The fundamental question then and now is “Should all 18-year-olds have access to higher education?” asks Robert McMaster, the U’s dean of undergraduate education. “Yes. Should it be to the U? No.”

The U was big, the U was accessible, but it’s not clear that the U was effective. “Complacency had developed by the 1980s,” recalls Tom Devine, a 1979 graduate and a regent since 2012. More pointedly, Ken Keller notes: “We were proud of our education system without any evidence the U was good.”

What’s at stake

Keller felt the U needed to up its undergraduate game by both shrinking its student body and making it more academically rigorous—a process that would raise admission standards by requiring a more academically prepared student body. A basic truth: “There’s no good evidence I can find anywhere of a major research university without an excellent undergraduate program,” says retired U president Robert Bruininks (2002-11).

It’s poorly remembered, but a decade of public and legislative resistance followed Keller’s call to focus.

Article continues after advertisement

“Selectivity is a sore subject from a political standpoint,” says ex-U president Mark Yudof (1997-2002), now a law professor at the University of California at Berkeley. “But it’s the only way to control the quality of what you do. There has to be a place for everyone, but it’s not possible at a first-class university.”

To many, excellence is an end in itself. But it comes with a price of exclusivity. In the Midwest, that’s not an easy sell. “On the coasts, if you tell the public you want to be the best, it’s not questioned,” says a longtime U insider who asked not to be named. “In Minnesota, people see snobbery.”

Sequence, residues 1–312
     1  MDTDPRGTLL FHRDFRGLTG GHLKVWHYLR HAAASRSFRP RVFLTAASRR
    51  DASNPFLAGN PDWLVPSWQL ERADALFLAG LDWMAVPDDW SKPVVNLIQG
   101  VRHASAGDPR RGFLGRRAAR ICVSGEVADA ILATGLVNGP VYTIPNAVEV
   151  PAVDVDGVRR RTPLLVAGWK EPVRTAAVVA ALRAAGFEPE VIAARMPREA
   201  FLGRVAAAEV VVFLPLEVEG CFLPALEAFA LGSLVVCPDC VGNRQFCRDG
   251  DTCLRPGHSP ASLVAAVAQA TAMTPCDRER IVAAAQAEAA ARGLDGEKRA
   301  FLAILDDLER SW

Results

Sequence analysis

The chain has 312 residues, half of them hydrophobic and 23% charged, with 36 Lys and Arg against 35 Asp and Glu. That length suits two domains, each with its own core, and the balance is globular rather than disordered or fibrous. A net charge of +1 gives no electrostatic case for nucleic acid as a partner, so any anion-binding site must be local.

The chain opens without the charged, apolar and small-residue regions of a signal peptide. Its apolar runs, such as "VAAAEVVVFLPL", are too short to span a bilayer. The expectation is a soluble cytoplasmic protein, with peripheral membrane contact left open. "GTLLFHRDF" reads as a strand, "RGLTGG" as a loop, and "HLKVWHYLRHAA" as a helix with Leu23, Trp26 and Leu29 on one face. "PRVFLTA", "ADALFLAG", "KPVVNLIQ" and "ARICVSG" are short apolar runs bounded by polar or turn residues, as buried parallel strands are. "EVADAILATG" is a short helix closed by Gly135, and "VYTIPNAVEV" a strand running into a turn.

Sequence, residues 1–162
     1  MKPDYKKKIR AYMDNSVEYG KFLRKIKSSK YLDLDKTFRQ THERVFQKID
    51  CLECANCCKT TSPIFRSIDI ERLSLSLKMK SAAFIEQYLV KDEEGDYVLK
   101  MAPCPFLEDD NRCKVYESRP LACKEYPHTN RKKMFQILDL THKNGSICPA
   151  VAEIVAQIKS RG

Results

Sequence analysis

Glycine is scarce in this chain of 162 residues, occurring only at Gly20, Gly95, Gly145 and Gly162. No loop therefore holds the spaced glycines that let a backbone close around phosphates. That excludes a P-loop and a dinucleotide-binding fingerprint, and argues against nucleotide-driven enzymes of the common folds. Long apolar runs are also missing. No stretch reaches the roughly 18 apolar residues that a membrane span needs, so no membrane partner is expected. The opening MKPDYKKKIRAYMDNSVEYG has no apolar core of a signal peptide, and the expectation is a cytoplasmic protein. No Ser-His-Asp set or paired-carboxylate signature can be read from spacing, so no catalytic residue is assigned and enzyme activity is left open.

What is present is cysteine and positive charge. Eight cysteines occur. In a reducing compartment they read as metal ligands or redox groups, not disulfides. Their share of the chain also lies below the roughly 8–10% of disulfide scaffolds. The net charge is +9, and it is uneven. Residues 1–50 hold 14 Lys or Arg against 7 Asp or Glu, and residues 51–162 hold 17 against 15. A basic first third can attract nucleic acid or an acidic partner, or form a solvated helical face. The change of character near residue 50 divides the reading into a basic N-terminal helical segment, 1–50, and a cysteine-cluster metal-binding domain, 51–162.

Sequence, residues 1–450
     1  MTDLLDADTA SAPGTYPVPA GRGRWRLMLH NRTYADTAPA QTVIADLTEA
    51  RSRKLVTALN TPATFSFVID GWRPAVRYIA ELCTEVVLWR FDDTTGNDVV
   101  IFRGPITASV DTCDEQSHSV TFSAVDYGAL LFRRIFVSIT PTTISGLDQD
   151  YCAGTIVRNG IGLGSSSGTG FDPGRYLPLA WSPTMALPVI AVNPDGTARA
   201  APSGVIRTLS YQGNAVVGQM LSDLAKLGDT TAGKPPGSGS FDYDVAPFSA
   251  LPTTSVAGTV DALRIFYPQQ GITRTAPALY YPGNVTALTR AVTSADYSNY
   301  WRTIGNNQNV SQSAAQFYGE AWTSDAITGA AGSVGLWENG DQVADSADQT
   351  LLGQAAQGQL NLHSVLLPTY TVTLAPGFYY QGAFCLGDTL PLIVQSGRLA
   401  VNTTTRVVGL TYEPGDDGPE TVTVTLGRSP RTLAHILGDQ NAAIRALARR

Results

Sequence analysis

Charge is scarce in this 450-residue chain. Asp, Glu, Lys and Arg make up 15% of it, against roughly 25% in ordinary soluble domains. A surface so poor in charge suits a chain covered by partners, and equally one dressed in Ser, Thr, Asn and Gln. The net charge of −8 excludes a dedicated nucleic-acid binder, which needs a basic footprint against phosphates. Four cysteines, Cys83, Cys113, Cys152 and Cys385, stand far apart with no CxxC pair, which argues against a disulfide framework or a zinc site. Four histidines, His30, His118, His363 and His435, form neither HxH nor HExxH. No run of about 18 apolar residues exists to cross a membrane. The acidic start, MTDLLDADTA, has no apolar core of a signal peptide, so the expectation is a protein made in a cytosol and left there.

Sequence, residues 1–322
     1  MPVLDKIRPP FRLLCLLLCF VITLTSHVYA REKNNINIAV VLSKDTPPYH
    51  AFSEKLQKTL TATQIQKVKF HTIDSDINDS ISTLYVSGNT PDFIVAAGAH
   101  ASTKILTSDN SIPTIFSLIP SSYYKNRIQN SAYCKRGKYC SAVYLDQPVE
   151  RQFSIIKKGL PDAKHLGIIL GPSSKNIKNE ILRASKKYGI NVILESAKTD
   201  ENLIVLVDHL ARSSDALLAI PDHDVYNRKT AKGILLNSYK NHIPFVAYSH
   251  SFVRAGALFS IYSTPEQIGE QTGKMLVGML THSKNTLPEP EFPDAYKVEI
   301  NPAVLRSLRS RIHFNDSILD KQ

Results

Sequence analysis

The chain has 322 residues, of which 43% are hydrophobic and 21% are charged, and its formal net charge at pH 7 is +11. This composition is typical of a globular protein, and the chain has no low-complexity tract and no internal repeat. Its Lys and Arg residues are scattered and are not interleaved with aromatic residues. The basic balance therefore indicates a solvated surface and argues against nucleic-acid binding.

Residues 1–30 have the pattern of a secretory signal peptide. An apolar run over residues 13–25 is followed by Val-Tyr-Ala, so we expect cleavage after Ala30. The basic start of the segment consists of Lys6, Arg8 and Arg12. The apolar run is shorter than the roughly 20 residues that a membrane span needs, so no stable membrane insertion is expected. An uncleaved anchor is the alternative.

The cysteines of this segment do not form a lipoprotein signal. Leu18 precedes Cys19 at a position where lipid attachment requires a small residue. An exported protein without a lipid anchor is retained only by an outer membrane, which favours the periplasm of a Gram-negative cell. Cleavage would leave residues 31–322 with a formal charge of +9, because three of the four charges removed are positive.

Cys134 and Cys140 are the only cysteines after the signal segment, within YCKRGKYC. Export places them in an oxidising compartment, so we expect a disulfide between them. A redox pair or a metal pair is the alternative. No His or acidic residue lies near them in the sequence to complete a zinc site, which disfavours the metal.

The architects of the U’s upward mobility have an answer. “The Minnesota economy requires a more highly educated workforce than most states,” says Bruininks. “It’s integral to the existence of our companies.”

Talent retention is a buzzword in economic circles these days. Minnesota is a state with a respected education system pumping out more than its share of smart kids. According to U alumni office data, two-thirds of students who get their education at the U stay in the region. A majority who leave the state don’t return.

“Do we want the best Minnesota kids to go to Berkeley,” only to remain in California, asks McMaster. “The best faculty migrates to the best students. And the best faculty attracts the best graduate students.” That meant middling undergraduate programs would impede the U’s efforts to attract faculty and grad students.

Looking beyond the border

An integral part of this strategy was increasing the percentage of kids attending from outside the Upper Midwest. “We have to be net importers of talent,” insists Bruininks.